Although the pandemic did not initiate these trends, it may have poured fuel on the fire.

Moreover, book bans and censorship can be harmful to children. In many cases, they violate the fundamental rights of children and further marginalize kids, particularly when they deny children knowledge, understanding, representation, liberty, freedom of speech, and freedom to learn.

As Justice Abe Fortas wrote in his majority opinion in Tinker v. Des Moines Independent School District (1969):

Students in school as well as out of school are “persons” under our Constitution. They are possessed of fundamental rights which the State must respect, just as they themselves must respect their obligations to the State. . . In the absence of a specific showing of constitutionally valid reasons to regulate their speech, students are entitled to freedom of expression of their views.

Justice Fortas adds:

It can hardly be argued that either students or teachers shed their constitutional rights to freedom of speech or expression at the schoolhouse gate.

In the Supreme Court case Island Trees School District v. Pico (1982), the Court ruled that children have a fundamental right to an education and access to learning that is not limited by the censorship of books based on “narrowly partisan or political” grounds. As Justice William Brennan writes:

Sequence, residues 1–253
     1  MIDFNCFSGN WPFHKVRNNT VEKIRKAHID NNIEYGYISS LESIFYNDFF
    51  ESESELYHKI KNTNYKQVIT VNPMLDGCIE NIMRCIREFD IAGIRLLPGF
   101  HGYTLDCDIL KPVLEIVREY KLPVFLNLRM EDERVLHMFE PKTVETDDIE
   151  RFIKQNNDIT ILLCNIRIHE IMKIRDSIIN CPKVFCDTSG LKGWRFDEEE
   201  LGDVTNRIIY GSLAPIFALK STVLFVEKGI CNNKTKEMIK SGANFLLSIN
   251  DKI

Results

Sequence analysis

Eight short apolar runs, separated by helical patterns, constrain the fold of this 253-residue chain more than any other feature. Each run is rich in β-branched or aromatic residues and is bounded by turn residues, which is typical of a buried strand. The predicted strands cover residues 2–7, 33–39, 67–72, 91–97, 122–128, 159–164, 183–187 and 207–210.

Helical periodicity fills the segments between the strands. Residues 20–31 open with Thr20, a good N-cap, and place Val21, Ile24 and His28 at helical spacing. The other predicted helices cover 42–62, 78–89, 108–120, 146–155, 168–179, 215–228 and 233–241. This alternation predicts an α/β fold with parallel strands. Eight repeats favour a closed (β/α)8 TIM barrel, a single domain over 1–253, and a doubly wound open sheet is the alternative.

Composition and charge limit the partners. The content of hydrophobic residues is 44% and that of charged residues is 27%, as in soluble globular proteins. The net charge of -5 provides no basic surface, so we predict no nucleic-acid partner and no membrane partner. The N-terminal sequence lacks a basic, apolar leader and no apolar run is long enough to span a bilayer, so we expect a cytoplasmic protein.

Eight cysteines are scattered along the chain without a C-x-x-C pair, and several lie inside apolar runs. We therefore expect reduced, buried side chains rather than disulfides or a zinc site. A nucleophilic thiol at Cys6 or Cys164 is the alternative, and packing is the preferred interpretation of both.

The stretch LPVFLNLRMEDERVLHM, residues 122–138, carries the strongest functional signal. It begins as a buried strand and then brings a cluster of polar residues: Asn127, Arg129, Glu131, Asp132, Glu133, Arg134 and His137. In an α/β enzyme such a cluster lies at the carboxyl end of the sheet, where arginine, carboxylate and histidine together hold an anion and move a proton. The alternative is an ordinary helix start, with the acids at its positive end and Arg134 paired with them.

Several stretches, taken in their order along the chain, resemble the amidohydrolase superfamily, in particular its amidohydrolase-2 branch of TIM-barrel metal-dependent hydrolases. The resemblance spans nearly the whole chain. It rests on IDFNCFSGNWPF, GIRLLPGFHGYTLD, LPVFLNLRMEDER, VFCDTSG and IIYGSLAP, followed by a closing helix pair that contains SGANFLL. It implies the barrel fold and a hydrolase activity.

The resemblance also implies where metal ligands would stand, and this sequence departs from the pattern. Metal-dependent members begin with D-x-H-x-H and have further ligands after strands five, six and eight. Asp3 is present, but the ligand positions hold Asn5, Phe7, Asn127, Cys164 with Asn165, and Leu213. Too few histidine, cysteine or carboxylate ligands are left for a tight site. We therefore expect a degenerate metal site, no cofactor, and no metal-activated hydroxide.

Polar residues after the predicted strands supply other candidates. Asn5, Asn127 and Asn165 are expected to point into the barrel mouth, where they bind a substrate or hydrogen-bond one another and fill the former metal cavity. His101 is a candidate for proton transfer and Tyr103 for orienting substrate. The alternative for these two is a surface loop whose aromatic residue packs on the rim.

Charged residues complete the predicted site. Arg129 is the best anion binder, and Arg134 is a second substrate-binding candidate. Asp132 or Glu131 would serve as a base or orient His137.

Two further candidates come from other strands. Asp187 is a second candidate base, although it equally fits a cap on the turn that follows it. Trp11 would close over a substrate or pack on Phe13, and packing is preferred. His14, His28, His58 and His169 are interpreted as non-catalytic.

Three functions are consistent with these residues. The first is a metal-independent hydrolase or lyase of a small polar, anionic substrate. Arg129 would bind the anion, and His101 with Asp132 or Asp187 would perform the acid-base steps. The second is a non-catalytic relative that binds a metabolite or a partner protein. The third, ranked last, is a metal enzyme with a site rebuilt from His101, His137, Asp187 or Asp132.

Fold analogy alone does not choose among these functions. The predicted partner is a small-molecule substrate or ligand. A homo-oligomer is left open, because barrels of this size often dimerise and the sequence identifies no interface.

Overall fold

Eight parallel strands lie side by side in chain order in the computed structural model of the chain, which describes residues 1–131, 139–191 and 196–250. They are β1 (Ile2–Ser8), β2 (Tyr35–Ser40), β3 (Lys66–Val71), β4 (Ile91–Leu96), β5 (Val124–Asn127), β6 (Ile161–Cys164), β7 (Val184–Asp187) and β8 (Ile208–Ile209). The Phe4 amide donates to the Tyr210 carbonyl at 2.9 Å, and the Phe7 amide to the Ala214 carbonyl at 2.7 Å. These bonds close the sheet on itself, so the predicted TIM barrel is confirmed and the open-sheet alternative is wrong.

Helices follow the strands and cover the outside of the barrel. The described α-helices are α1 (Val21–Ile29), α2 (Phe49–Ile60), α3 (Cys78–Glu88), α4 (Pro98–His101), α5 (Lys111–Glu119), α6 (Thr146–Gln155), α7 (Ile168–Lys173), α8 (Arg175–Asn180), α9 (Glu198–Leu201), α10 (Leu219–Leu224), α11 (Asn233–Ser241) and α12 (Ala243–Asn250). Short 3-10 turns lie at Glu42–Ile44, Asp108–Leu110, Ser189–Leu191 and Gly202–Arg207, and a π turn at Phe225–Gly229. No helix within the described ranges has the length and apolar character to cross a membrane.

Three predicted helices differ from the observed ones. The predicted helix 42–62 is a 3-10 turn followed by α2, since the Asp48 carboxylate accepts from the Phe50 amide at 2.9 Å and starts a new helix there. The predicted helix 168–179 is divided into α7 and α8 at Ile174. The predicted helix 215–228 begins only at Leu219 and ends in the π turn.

Our Constitution does not permit the official suppression of ideas. Thus, whether petitioners’ removal of books from their school libraries denied respondents their First Amendment rights depends upon the motivation behind petitioners’ actions. If petitioners intended by their removal decision to deny respondents access to ideas with which petitioners disagreed, and if this intent was the decisive factor in petitioners’ decisions, then petitioners have exercised their discretion in violation of the Constitution.

Parental engagement is important, but it should not diminish or undermine the fundamental rights of children. As Professor Joshua Weishart explains:

To be sure, supportive parents can be highly influential in a child’s educational success as well. But to the extent that the law empowers parents in public schooling, it does so to complement — not displace — their children’s educational freedoms.

If politicians really wanted to help children, they would facilitate parental and community engagement in schools and promote the ability of students to access much needed supports and assistance, such as school-based health services, school counselors, school psychologists, school nurses, athletic trainers, etc.

H.Res. 219 by Rep. Suzanne Bonamici (D-OR) would have achieved these goals, but sadly, it was defeated by the House of Representatives by a vote of 203–223.

Children need to have access to services that help them address trauma, mental health and behavioral health challenges, etc., but sadly, H.R. 5 would impose greater barriers, including new federal parental consent requirements. This would be required for even basic health services like checking for a fever, ankle strains, etc. The consequence, as the First Focus Campaign for Children’s letter in opposition to H.R. 5 points out is that children would:

. . . languish or must wait while school personnel spend large amounts of time trying to track down parents for consent.

How does this help children. . .or parents for that matter?